“Every child is an artist until he’s told he’s not an artist.” – John Lennon

Print available on Storenvy.

Imagine you’re a child again. You want to express your thoughts, but words just won’t do. So, you pick up your crayon and get to work.

To others it looks like a scribbles on the page. It looks like random lines scattered across a piece of paper.

For us, this is our masterpiece. It is the expression of our thoughts, our feelings, and our desires. It might not make sense to others who see it, but it makes sense to us.

As we grow older, people’s expectations change. They want to make sense of the madness. “Is that a person? Is it a dog? What is it?” Expectations grow. People want to label our work. They want to attach a name to what they’re seeing.

It’s only natural. People want to identify with our work. They want to recognize what’s in front of them.

There is a moment in every child’s life that splits us into two groups. Those who can and those who can’t. You can draw. You can’t. You should give it up. You should keep on drawing.

Why do we insist on doing this? Why must one child be considered an artist, a genius, a prodigy, while another is cast off to the side?

When we are children, we are free to play, to experiment, to fail. We approach life with a wonderful sense of curiosity.

We need to stop telling children they aren't artists Click To Tweet

We need to stop telling children they aren’t artists. Kids are impressionable. One off-hand comment can completely change the trajectory of someone’s life.

Instead of telling kids their art isn’t good, encourage them to study it more. Dive deeper into that innate curiosity.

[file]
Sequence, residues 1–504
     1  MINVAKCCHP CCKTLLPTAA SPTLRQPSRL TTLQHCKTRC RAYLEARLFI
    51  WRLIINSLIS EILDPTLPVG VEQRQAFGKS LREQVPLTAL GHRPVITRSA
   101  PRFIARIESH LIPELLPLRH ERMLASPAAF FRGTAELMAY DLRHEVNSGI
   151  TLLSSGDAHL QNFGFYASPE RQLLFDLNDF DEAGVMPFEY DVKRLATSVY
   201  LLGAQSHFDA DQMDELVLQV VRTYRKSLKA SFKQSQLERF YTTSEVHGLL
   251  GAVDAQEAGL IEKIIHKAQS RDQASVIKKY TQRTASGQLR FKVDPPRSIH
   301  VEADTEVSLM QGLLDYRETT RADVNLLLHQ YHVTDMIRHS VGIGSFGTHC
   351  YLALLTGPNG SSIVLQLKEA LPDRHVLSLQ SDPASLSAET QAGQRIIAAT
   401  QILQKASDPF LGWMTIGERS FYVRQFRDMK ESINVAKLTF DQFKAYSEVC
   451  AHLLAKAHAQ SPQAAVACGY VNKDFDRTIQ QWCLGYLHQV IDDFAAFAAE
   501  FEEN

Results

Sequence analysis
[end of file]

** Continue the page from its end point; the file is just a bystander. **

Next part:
There is a stigma surrounding the arts. “You can’t make money as an artist.” “Shouldn’t you choose a better paying job?” We continue to perpetuate this myth, and it has had an enormous affect of society.

How many Picassos have we stifled? How many J.K. Rowlings left their stories untold? How many Steven Spielbergs decided to become accountants instead of making visionary films?

After having deep conversations with dozens of people, with diverse backgrounds, I’ve come to realize one thing. Everyone is creative. The only person preventing us from being creative is ourselves.

Since childhood, we have let others dictate what we should and shouldn’t do. It’s time to break that cycle.

If a child decides on their own they don’t want to be an artist, that’s wonderful. Everyone is not destined to be an artist. But we should never stifle future generations from becoming the artists within themselves, screaming to come out. Let them take their own hero’s journey.

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